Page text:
In view of the importance of understanding the
are also determining factors in the establishment of the
hygroscopicity of agricultural products, this work aimed
equilibrium humidity of hygroscopic products (Chen,
to determine the sorption isotherms of peanut pods,
2000b; Fan et al., 2000).
kernels and hulls for various temperature and air relative
Moisture sorption isotherms may be obtained experhumidity conditions and to fit different mathematical
imentally by means of the dynamic and static methods.
models to the experimental data, selecting the best-fitting
In the dynamic method, the pod is submitted to air flow
model, and calculate the isosteric heat of sorption at
under controlled and fixed temperature and relative
different moisture levels.
humidity conditions until equilibrium is reached. In the
static method, the hygroscopic equilibrium between the
product and the environment, under controlled condiMATERIAL AND METHODS
tions, is reached without air movement (Wang and
Brennan, 1991; Jayas and Mazza, 1991; Chen, 2000b).
The present work was carried out in the Laboratory
Several researchers have studied the hygroscopic
for the Physical Properties and Quality Evaluation of
behaviour of several agricultural products, describing
Agricultural Products of National Grain Storage
differentiated models to express the EMC as a function
Training Center CENTREINAR, Federal University
of the temperature and air relative humidity. However,
of Viosa, Viosa, MG, Brazil.
for the establishment of isotherms that represent this
The initial moisture content of peanut pods, kernels
equilibrium relation, empirical mathematical models
and hulls were 31.0, 25.0 and 47.0% dry basis, respecare used, since no theoretical model has been capable
tively. Samples were stored in polythene bags kept in a
of precisely predicting the EMC for a wide range of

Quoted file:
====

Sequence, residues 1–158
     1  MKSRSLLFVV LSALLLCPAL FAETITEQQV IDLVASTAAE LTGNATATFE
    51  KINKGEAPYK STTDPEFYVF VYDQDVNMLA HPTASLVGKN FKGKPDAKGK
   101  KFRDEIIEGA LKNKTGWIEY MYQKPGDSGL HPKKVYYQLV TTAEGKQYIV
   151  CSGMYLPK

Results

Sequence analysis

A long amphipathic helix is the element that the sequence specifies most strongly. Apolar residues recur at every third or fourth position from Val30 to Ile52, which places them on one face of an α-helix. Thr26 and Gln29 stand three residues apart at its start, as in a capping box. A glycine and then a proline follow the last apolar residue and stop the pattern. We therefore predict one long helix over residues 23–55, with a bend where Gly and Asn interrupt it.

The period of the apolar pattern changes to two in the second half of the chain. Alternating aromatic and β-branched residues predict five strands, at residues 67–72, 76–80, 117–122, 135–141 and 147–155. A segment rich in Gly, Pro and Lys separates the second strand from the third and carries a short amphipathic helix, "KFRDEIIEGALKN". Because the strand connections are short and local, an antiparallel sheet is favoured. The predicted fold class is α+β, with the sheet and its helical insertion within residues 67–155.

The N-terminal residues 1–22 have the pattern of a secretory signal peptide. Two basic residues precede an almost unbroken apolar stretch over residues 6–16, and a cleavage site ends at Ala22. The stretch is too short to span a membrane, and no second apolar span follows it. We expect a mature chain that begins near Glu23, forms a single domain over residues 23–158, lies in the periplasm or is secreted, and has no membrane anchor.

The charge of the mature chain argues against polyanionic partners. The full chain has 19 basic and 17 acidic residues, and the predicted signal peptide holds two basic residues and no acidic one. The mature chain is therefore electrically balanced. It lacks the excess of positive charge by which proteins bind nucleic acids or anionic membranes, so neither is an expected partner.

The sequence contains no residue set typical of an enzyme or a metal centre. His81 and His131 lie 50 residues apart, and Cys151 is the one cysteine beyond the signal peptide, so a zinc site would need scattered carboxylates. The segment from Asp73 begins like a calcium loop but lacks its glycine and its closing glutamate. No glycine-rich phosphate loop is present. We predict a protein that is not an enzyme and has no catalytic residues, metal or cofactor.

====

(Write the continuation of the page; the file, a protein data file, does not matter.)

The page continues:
refrigerator to attain moisture uniformity. When needed
temperature and air relative humidity.
for experiments, samples were allowed to equilibrate at
Over 200 equations are currently available in the
ambient condition for 6 h. The peanut pods, kernels and
literature proposing to represent the hygroscopic equihulls moisture content was determined by applying the
librium phenomenon of agricultural products. Such
drying in an oven at 105 1C, for a 24 h period, in tripmodels differ in their theoretical or empirical basis and
licate according to the seeds analysis standard of Brazil
number of parameters involved (Mulet et al., 2002).
(Ministrio da Agricultura e Reforma Agrria, Brazil,
The modified Henderson equation and Chung Pfost
1992).
equation were the best models for many starchy grains
The sorption method used was the dynamic techand fibrous materials. The modified Halsey equation was
nique or gravimetric method, in which the material is
the best for high oil and protein products. The modified
brought into equilibrium with air of fixed temperature
Oswin model was good for popcorn, peanut pods and
and relative humidity and the equilibrium moisture conother varieties of corn and wheat (Chen, 2000b; Chen
tent (EMC) of the material is measured. Thin-layer dryand Morey, 1989). The GAB model was very popular to
ing was carried out at different controlled temperature
be adopted by some researchers (Ayranci and Duman,
(20, 35, 50 and 65C) and air relative humidity of the dry2005; Mulet et al., 2002; Pagano and Mascheroni, 2005;
ing air (between 0.2 and 0.8) until the product reached
Van den Berg, 1984). However, this model was found to
equilibrium humidity at the specified air condition.
be inadequate to describe the relationship between
The environmental conditions for the performance of
moisture content and water activity for some agricultural
the tests consisted of a temperature controlled chamber,
products (Chen, 2002, 2003; Chen and Jayas, 1998).
manufactured by Aminco, model Aminco-Aire 150/300
Moisture sorption isotherms constitute an essential
CFM. Removable perforated trays containing 50 g of
part of the theory of drying and provide useful informaproduct were placed inside the equipment to allow air to
tion in the design of drying equipment and in the study
pass through the samples. Air flow was monitored with
of storage of dehydrated products. A thermodynamic
an anemometer with rotating blades and kept around
parameter such as isosteric heat is frequently evaluated
10 m3/min/m2. Temperature and air relative humidity
from equilibrium data at different temperatures
were monitored with a psychrometer installed next to
(Iglesias and Chirife, 1976).
the trays containing the samples.
The application of thermodynamic principles to
The trays containing the product were periodically
sorption isotherm data has been used Downloaded
to obtain
more
weighed
during drying. Hygroscopic equilibrium was
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Sorption Isotherms Peanut Pods, Kernels and Hulls


reached when the mass variation of the containers
remained constant during three consecutive readings.
In this work, the relationship between the equilibrium
moisture content data and the relative humidity and
temperature for peanuts pods, kernels and hulls was
evaluated according to the models of ChungPfost